To highlight sustainable development and celebrate the 50th anniversary of US-Qatar diplomatic relations, ‘Across Borders: Textile Heritage', a pop-up exhibition was opened at M7, Msheireb Downtown Doha, Saturday.
The charge d’affaires of the US embassy, Evyenia Sidereas, was the guest honour on the occasion who pinned a shawl to the exhibition site to mark the opening of the event. Several dignitaries, including Greek ambassador Eleni Michalopoulou, were present at the exhibition which is open to visitors until August 30.

From Right: Evyenia Sidereas, Lauren Michelle Morell and Sarah Hannibal along with an M7 official at the exhibition.

Designed and curated by Lauren Michelle Morell, a 2020 graduate of Virginia Commonwealth University School of the Arts in Qatar, the exhibition aims to raise awareness of the environmental impacts of fast fashion and pay homage to sustainable Qatari Bedouin and indigenous American textile traditions through cross cultural garments.
Rooted in both Qatari and indigenous American cultures, the exhibition showcases innovative approaches to preserving traditional and sustainable practices, highlighting Qatari sadu weaving and indigenous American patterns.

Another view of some of the exhibits.

In contrast to modern fashion production, the garments embody traditional, environmentally friendly textiles and promote the legacy of zero-waste processes. Lauren and her weaving collaborator, Sarah Hannibal, help viewers trace the traditions of Qatar and the Americas and reflect on sustainable sourcing and application of textiles and fabrics.
In addition to garments, the exhibition features a short documentary tracing the traditions of sadu, filmed in collaboration with Heenat Salma Farm and Caravane Earth. The exhibition focuses on heritage preservation, sustainability, and diversity, achieving the ethos of cultures in harmony.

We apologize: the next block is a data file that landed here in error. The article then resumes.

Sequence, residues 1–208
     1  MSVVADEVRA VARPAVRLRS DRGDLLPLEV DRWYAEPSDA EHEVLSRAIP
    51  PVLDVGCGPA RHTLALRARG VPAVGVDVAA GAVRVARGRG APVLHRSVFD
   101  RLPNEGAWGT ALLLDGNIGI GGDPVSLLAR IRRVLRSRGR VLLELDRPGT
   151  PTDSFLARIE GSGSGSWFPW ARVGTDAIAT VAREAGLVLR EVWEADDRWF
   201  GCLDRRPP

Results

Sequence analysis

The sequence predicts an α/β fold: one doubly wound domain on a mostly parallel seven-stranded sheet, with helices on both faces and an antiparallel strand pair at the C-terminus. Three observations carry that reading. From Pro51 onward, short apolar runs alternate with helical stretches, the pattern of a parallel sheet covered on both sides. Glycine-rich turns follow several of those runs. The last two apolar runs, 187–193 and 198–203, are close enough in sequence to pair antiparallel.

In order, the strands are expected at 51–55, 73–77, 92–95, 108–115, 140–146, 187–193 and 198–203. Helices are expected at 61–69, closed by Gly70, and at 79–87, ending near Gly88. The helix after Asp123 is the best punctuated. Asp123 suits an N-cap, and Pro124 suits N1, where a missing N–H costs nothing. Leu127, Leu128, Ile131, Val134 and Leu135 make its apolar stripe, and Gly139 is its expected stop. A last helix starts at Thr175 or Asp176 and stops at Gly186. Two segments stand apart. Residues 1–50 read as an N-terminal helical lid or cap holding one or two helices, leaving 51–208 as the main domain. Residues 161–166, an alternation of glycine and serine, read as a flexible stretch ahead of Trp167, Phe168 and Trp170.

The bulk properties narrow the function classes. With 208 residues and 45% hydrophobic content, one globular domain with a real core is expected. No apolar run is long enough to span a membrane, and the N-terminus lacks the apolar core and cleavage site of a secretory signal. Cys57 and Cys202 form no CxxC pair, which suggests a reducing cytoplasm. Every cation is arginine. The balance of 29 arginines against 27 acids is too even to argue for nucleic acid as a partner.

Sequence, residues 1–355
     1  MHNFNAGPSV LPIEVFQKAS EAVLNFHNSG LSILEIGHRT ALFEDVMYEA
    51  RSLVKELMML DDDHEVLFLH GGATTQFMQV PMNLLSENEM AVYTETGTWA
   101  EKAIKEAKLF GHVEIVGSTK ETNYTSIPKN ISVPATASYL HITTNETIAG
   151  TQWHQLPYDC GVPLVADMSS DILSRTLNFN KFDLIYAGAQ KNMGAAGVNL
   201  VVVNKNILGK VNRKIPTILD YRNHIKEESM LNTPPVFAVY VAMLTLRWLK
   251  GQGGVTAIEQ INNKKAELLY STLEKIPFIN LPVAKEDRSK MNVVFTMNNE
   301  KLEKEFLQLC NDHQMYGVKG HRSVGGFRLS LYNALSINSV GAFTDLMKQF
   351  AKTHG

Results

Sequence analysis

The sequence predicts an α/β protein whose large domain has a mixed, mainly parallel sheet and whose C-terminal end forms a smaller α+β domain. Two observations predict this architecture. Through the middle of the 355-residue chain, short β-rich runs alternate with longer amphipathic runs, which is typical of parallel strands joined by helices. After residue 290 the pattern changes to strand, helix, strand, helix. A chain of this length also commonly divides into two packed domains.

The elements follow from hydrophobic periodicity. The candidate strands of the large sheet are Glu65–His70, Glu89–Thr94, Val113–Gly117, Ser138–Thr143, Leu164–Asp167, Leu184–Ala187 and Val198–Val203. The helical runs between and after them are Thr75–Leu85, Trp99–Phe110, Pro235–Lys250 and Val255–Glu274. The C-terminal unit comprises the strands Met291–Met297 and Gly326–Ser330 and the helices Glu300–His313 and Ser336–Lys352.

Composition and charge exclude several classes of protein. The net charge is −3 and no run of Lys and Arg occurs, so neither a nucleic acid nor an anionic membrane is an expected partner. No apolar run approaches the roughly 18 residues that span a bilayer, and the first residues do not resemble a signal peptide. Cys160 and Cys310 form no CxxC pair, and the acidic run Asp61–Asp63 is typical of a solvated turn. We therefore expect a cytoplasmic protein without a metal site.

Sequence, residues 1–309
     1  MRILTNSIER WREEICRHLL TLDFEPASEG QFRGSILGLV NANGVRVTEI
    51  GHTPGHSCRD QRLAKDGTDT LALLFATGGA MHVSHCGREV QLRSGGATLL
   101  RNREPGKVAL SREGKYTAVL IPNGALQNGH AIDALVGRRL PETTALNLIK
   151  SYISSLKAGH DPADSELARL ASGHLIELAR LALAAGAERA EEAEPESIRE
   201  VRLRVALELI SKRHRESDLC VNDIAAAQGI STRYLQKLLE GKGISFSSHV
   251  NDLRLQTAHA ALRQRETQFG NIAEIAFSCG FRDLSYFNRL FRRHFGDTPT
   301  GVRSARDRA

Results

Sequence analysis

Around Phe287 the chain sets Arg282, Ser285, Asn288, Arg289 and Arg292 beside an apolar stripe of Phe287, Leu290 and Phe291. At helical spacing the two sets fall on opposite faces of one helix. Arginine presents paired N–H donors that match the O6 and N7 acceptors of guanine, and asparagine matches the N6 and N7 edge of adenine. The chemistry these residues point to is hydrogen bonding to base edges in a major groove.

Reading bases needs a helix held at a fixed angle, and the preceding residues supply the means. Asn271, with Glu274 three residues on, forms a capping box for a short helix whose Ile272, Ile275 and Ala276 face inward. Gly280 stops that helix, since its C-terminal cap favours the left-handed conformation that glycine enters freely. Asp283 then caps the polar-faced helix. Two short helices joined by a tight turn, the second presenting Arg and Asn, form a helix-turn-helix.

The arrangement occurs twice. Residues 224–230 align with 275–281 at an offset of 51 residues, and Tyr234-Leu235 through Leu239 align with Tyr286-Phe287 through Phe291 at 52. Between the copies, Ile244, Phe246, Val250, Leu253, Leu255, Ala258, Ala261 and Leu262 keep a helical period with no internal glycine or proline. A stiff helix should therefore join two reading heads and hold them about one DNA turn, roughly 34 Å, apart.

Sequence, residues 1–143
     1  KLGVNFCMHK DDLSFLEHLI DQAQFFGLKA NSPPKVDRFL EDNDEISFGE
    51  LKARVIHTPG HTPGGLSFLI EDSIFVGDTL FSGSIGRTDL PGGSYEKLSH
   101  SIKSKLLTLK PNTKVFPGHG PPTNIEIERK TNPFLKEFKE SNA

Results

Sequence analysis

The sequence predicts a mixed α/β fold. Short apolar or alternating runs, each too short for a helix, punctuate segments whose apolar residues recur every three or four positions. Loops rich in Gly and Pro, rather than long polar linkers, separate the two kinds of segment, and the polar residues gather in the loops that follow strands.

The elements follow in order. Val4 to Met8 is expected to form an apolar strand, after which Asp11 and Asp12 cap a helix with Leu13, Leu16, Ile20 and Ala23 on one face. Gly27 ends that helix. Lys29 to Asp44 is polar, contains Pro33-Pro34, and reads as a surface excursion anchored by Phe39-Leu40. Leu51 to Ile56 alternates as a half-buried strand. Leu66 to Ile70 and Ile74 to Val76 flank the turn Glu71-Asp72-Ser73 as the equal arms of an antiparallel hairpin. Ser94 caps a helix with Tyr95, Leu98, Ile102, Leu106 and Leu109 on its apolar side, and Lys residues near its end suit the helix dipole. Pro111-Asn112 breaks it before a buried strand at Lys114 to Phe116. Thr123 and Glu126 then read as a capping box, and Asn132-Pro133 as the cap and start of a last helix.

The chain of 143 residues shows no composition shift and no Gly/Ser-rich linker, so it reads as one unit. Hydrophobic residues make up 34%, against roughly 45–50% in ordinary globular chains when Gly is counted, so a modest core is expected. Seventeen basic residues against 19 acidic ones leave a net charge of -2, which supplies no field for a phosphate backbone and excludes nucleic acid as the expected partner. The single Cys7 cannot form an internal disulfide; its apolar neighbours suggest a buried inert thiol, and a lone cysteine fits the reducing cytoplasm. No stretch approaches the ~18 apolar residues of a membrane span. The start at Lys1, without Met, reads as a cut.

Evyenia Sidereas along with Lauren Michelle Morell pinning a shawl at the exhibition site. PICTURES: Thajudheen

Speaking to Gulf Times, Morell said it took over three months for her to complete the garments in collaboration with Weaving in Doha of Sarah Hannibal. “All the garments have been made with upcycled materials. I have used curtain materials, blankets, rugs among others to make them. Altogether 10 garments have been designed and presented at the exhibition in addition to other products.”
The designer said that she has plans to produce more such exhibits in the coming months.
The exhibition is funded by a grant from the US State Department.
Speaking to the media on the sidelines of the exhibition, Sidereas said that the exhibition is one of the facets of the increasing ties between the US and Qatar.
“Climate change is a major topic for Qatar and the US and we are looking at every opportunity to enhance environmentally sustainable and innovative technologies. We always focus on sustainable products and this exhibition is an example with the use of upcycled materials and it is one of the main themes that we want to highlight through this exhibition. The US is committed to support programmes that reduce carbon emissions, improve waste water production capacities and promote mutual values of self-expression and cultural preservation. This exhibition emphasises the importance of achieving environment friendly practices in every field including fashion,” said Sidereas.
She also noted that there will be many more events coming up this year to mark the milestone of 50 years of diplomatic relations between both the nations and the annual strategic dialogue between the US and Qatar also is being planned.
Morell is a contemporary Latin American fashion designer whose work is inextricably linked to the redefinition of tradition. A Puerto Rican national, she was brought up in different parts of the world, enriched by many cultures and studied in different countries and regions.